Former Czech president Václav Klaus has said he will consult with parliamentary parties and others to sound out whether there is a political will to push for a referendum on the EU’s mandatory quotas. The former head-of-state said he is convinced the current government has no mandate to enforce them. The Czech Republic, along with two other Visegrad Four countries and Romania opposed EU quotas, but was outvoted at summit of EU interior ministers this week. Mr Klaus has warned that the mandatory acceptance of refugees will fundamentally change security within the Czech Republic as well as the country's "character". A petition against migration launched not long ago by Mr Klaus has gotten almost 100,000 signatures.
Czech Prime Minister Bohuslav Sobotka stressed the continuing relevance of the Višegrad Four regional cooperation late Wednesday. Arriving at an extraordinary EU summit on immigration in Brussels Mr. Sobotka said that the cooperation is meaningful in spite of occasional differences. The Czech Republic, Slovakia, Hungary, and Poland have often been able to push through their stances when they act together, he added. The comments follows Poland’s split from the formerly united Višegrad Four stand against mandatory immigrant quotas on Tuesday. Minister of interior Milan Chovanec later said the regional cooperation faced “a short term end.”
For weeks the Visegrad Four countries – including the Czech Republic – were adamant they would oppose mandatory quotas but on Tuesday, Poland surprised its partners by completely changing course, voting with the majority of EU interior ministers in favour of the plan. I asked political analyst Jiří Pehe why most of the EU opposed the voluntary acceptance of refugees which had been pushed for by the former communist bloc countries.
Intensive last-minute talks ahead of Tuesday’s EU summit of interior ministers in Brussels failed to bridge the divide between Western EU leaders and the Višegrad group over the proposed imposition of mandatory migrant quotas. The Czech Republic, Slovakia, Hungary and Poland remain firmly opposed to the idea, and Prague has even suggested that the EC proposal may be in violation of European law.
Foreign ministers from the Visegrad Four (the Czech Republic, Slovakia, Poland, and Hungary) as well as Luxembourg and Latvia met in Prague on Monday to discuss the ongoing immigrant crisis. The meeting was expected to have a coordinating character and not expected to result in a final standpoint or declaration, according to the spokeswoman for the Czech Ministry of Foreign Affairs. Luxembourg foreign minister Jean Asselborn said later there had been an exchange of views and that Tuesday’s meeting of interior ministers was very important to find a solution. It was not an impossible goal, he said, adding that he now appreciated the problems better. The Visegrad Four have taken a stand against the European Commission proposal that countries sign up to a mandatory share out of immigrants. Prime minister Bohuslav Sobotka repeated that stand Monday. EU heads of government are meeting for an emergency summit on the immigrant crisis on Wednesday.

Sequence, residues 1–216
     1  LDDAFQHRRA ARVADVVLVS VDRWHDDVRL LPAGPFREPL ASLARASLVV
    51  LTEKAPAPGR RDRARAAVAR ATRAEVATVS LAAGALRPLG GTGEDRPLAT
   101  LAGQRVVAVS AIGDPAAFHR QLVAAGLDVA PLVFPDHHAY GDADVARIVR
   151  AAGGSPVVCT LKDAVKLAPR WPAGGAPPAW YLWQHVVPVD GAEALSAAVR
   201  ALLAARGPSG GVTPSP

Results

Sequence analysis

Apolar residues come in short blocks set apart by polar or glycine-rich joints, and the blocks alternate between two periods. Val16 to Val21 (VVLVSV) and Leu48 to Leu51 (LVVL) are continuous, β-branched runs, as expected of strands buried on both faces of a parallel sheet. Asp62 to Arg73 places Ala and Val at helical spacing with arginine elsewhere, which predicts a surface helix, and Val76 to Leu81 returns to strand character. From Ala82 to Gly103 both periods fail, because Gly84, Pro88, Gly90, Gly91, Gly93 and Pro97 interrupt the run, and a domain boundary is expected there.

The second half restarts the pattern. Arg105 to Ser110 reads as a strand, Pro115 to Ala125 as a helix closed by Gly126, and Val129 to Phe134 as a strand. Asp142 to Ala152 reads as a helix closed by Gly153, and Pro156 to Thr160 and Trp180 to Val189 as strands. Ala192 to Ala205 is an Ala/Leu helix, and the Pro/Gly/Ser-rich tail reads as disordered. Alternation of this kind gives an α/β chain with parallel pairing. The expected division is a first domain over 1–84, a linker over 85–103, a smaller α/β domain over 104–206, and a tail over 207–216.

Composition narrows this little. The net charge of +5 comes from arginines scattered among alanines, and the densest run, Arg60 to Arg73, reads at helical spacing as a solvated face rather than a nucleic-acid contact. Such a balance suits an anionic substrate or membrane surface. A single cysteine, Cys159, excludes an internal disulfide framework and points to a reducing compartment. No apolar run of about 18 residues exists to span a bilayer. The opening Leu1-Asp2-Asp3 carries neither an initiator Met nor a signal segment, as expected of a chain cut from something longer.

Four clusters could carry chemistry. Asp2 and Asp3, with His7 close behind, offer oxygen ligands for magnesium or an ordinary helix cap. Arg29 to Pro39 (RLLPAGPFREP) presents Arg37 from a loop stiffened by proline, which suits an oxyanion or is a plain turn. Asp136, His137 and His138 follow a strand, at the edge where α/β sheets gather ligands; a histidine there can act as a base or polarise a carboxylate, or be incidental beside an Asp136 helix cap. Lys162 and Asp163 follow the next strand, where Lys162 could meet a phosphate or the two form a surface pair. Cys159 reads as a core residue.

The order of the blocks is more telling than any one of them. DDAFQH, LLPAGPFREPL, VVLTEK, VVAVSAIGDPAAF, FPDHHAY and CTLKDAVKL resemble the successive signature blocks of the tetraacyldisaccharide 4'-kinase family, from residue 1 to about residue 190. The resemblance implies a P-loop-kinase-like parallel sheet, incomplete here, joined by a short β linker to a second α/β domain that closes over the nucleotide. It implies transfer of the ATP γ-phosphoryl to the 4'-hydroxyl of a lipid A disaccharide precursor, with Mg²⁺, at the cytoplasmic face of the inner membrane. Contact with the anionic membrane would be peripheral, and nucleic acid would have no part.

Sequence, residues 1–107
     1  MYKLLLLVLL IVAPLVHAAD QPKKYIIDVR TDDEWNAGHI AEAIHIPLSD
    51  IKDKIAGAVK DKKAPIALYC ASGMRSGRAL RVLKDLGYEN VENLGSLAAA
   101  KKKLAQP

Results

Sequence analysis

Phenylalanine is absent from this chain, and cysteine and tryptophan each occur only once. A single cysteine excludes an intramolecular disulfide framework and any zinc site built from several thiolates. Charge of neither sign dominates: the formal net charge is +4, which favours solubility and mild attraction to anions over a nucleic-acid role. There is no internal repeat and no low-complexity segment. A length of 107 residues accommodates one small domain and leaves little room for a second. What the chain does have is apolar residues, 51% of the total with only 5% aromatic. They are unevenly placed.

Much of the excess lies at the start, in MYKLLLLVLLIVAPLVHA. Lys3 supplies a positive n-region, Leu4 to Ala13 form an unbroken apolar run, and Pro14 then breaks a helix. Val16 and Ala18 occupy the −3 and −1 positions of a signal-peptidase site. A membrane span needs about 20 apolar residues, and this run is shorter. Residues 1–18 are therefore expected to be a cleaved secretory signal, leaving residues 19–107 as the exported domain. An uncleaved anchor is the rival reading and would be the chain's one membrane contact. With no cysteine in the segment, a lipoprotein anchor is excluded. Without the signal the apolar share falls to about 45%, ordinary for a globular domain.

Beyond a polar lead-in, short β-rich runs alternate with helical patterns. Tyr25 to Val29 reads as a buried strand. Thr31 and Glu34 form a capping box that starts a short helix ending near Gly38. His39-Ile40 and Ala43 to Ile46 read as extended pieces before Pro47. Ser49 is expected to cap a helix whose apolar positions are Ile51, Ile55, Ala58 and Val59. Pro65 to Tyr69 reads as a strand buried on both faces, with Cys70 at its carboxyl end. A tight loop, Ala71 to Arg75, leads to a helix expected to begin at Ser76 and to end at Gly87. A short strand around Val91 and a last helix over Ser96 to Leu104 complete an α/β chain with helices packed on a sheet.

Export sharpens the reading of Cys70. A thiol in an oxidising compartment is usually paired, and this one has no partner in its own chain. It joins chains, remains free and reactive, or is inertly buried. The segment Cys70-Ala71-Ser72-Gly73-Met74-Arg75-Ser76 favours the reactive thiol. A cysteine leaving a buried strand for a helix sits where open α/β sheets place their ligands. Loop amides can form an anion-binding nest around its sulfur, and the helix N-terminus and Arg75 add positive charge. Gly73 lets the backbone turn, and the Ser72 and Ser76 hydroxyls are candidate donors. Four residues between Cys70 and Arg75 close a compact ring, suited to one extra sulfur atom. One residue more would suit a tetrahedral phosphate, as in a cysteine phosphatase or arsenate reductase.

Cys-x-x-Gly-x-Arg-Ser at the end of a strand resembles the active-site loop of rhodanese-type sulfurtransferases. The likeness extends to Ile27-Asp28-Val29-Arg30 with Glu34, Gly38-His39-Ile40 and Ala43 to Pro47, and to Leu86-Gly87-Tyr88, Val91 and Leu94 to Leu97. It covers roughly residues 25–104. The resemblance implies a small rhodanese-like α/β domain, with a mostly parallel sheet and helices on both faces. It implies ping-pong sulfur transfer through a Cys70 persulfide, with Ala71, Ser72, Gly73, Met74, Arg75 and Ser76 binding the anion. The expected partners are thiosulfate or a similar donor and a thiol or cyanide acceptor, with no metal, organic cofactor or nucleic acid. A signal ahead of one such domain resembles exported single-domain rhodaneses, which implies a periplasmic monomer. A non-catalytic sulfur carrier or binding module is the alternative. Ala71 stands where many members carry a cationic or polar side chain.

EU interior ministers on Monday failed to reach agreement on mandatory quotas for the redistribution of 120,000 migrants across the EU. Efforts by West European states to get firm commitments and a timetable for redistribution were blocked by the Czech Republic and three other Višegrad Group states which have refused to accept mandatory quotas on the argument that they simply will not work.
The foreign ministers of the Visegrad Four countries, Germany and Luxembourg met in Prague on Friday to discuss Europe’s ongoing refugee crisis. Germany’s Frank-Walter Steinmeier insisted on EU states sharing the burden, while his Visegrad counterparts may have shown the first hints of division over the issue of quotas.
The country's centre-right opposition parties, TOP 09 and the Civic Democrats, welcomed steps agreed by the Visegrad 4, including the rejection of EU quotas on refugees. The regional grouping of the Czech Republic, Slovakia, Poland and Hungary, has instead offered to help on a voluntary basis; the Czech Republic, for example, agreed earlier to accept 1,500 refugees over the next two years. On Friday, members of the V4 offered to provide expertise and equipment to help bolster the Schengen zone’s outer borders and combat human traffickers and support the fight against Islamic State during the current immigrant crisis. TOP 09 deputy chairman Marek Ženíšek said his party had called for the rejection of quotas, a reliance on existing measures and the creation of hot spot centres, since January. He criticised the V4 for, in his view, not directly addressing growing xenophobia and racism in the V4 over Europe's refugee crisis.The Communists while welcoming Friday's meeting in Prague and outcome, suggested the move should have come earlier.
Government leaders from the four Visegrad countries agreed in Prague on Friday that they are prepared to provide experts and equipment to help bolster the Schengen zone’s outer borders and combat human traffickers and support the fight against Islamic State during the current immigrant crisis. The meeting was called in Prague by the current country heading the regional grouping, the Czech Republic. Czech prime minister Bohuslav Sobotka warned during the closing press conference that the wave of immigrants would continue as long as the current conflicts in Libya and Syria are unresolved. Development help for those countries would be offered and the stepped up involvement of the United Nations would be sought, he added. Polish premier Ewa Kopacz stressed that it was for individual countries make their own decisions during the ongoing crisis. The four Central European counties, the Czech Republic, Slovakia, Hungary, and Poland, are under fire from other EU states for refusing to accept EU-set quotas of immigrants in their countries.